The study aim was to evaluate the effectiveness of a 2-year health-related physical education intervention in a pretest-posttest design. Sixteen elementary schools (764 pupils, mean age: 11.2 ± 0.7) participated in the study. Schools were randomly assigned to the intervention condition (n = 8) and the control condition (n = 8). Making use of direct observation data gathered according to SOFIT (System for Observing Fitness Instruction Time), the moderate-to-vigorous physical activity engagement during physical education classes was significantly higher in the intervention condition than in the control condition. Children’s moderate-to-vigorous physical activity engagement during physical education lessons increased with 14% in the intervention condition (from 42 to 56%). No significant effects were found on the accelerometer data. The health-related physical education intervention was found to be promising in promoting physical activity during physical education classes.

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Greet Cardon, Stefanie Verstraete, Dirk De Clercq and Ilse De Bourdeaudhuij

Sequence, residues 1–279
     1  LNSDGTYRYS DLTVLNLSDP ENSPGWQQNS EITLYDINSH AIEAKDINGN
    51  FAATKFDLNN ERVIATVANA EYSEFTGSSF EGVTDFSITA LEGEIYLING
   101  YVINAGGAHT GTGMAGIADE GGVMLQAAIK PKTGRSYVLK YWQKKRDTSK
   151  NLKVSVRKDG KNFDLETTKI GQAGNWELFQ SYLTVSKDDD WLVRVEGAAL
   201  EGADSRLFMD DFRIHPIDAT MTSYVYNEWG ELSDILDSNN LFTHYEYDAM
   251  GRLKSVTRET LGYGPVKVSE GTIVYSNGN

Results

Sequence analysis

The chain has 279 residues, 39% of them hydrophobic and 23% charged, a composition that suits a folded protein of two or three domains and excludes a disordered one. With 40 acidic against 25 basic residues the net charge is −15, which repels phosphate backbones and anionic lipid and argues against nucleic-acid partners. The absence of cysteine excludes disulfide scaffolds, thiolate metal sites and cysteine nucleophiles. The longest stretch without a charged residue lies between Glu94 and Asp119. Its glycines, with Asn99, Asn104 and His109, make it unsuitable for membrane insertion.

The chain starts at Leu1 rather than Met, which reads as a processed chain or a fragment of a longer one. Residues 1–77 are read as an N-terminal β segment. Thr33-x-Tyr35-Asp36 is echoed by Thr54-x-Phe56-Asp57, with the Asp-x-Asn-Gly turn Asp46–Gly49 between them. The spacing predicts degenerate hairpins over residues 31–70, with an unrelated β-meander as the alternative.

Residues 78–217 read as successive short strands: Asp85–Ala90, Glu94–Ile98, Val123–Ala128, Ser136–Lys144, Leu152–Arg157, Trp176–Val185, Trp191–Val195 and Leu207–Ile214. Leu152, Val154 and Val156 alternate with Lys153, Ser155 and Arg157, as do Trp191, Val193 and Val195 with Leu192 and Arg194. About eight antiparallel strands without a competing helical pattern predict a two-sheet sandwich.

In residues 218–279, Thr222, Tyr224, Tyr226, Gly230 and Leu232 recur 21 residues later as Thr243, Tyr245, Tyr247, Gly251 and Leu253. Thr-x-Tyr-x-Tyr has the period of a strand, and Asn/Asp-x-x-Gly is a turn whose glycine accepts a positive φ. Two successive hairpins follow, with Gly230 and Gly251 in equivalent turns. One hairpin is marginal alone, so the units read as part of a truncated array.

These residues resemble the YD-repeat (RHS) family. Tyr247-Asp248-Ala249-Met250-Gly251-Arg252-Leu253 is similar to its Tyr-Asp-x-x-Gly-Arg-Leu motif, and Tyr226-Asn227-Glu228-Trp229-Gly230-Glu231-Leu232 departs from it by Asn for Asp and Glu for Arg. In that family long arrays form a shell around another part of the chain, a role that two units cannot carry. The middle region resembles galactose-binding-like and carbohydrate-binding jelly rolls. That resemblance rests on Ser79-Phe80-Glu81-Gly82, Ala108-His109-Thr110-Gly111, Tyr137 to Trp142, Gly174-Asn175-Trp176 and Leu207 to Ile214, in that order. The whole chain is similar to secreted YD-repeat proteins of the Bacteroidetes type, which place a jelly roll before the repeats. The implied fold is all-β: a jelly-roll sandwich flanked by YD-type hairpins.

The main goal of the current study was to compare physical activity levels during swimming and nonswimming elementary physical education classes. We conducted a preliminary study and found that the System for Observing Fitness Instruction Time (SOFIT) could be used to register physical activity engagement levels in swimming classes. Thirty-nine classes, involving 8- to 12-year olds, participated in one swimming and one nonswimming physical education class. Classes were videotaped and physical activity levels for 234 students were quantified using SOFIT. Students engaged in more moderate-to-vigorous physical activity during swimming classes than during nonswimming classes. As a consequence, we advocate the inclusion of swimming lessons in physical education. Because the average engagement in moderate-to-vigorous physical activity was lower than the recommended 50% in 41% of swimming classes and in 77% of the nonswimming classes, however, comprehensive efforts are needed to increase physical activity levels during both types of elementary physical education classes.